For this reason the Council, after affirming the centrality of the Paschal Mystery, went on to declare that "this applies not only to Christians but to all people of good will in whose hearts grace is secretly at work. Since Christ died for everyone, and since the ultimate calling of each of us comes from God and is therefore a universal one, we are obliged to hold that the Holy Spirit offers everyone the possibility of sharing in this Paschal Mystery in a manner known to God."19
Is an encyclical written by a pope considered ex cathedra?
Thanks for the excerpt from the encyclical, zab. It sheds even more light on the subject.
This is a short, enjoyable article written by one of our apologists, Jim Blackburn. You might find it to help explain the Catholic view.
Peace of Christ!
Thank you for the links…very informative
It’s important to realize, though, that what the Pope says in an encyclical, unless there’s something obviously wrong with it, can ordinarily be trusted to be coming from within the Holy Tradition that came to us from the Apostles.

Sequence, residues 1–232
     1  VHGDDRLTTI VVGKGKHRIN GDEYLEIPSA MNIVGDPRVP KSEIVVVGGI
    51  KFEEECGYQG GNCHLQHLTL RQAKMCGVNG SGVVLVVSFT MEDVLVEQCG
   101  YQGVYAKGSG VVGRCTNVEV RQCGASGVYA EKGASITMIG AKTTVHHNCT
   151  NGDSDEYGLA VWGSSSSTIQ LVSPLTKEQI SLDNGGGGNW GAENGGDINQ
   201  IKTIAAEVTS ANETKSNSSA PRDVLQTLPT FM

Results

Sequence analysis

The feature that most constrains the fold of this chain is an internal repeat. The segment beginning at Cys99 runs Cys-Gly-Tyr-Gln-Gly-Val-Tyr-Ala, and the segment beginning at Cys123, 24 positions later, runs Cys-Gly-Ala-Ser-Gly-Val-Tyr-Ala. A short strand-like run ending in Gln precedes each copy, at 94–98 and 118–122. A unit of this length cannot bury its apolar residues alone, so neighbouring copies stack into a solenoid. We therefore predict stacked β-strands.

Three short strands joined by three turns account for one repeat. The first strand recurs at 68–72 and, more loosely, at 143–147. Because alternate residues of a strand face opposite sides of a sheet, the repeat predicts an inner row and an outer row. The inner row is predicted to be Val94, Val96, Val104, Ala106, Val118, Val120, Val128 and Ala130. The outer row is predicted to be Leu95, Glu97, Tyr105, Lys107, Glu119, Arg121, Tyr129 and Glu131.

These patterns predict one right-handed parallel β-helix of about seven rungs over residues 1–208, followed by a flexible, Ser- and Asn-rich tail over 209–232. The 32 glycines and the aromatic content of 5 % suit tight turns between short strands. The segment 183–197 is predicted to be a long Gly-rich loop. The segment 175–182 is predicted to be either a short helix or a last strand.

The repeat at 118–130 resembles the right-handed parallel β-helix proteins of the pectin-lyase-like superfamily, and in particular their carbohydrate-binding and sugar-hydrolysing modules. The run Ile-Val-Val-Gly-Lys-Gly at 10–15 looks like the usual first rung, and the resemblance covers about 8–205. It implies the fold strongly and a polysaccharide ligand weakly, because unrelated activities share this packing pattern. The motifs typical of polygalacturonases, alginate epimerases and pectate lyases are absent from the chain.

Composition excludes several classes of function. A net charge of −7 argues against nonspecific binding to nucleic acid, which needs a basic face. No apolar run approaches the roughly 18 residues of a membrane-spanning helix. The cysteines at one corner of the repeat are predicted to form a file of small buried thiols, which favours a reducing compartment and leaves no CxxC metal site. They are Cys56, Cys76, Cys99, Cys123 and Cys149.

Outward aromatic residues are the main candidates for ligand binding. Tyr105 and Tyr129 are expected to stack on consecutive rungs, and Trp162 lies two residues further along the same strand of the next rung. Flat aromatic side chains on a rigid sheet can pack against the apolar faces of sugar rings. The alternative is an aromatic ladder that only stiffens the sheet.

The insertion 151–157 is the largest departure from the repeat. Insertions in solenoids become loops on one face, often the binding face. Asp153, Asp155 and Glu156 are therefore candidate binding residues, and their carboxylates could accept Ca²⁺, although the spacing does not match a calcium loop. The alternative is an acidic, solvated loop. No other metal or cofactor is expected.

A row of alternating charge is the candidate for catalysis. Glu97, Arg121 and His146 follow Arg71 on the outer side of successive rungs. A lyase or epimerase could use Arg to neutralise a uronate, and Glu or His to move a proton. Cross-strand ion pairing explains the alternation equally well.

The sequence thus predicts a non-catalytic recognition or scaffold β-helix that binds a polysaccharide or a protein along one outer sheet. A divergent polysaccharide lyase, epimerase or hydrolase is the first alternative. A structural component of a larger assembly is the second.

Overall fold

The Apostles, though they urgently evangelized the whole world, they did this in the trust and expectation that God wants to save every human being on earth, and make every human being who has ever lived into a Saint in Heaven.
It is not recorded that they beat themselves up over the parts of the world they were not able to reach during their lifetime - they trusted God to have a plan for the people they didn’t get to in person.
Thanks to all who have responded. Much obliged for the information. It makes a lot of sense. I used to be upset in my spirit because I had heard it preached that John 14:6 applied to everyone – no exceptions. It just didn’t seem fair or just if that were the case. It is nice to know that God made provision for those who were never introduced to the Gospel due to no fault of their own.